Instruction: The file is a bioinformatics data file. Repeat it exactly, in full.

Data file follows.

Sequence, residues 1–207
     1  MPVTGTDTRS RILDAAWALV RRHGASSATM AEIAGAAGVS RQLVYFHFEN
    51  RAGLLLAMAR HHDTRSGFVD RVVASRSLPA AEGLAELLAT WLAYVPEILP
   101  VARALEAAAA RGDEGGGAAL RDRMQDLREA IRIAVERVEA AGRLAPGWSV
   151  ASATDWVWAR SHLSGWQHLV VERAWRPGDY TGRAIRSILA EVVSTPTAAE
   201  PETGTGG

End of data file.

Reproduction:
Sequence, residues 1–207
     1  MPVTGTDTRS RILDAAWALV RRHGASSATM AEIAGAAGVS RQLVYFHFEN
    51  RAGLLLAMAR HHDTRSGFVD RVVASRSLPA AEGLAELLAT WLAYVPEILP
   101  VARALEAAAA RGDEGGGAAL RDRMQDLREA IRIAVERVEA AGRLAPGWSV
   151  ASATDWVWAR SHLSGWQHLV VERAWRPGDY TGRAIRSILA EVVSTPTAAE
   201  PETGTGG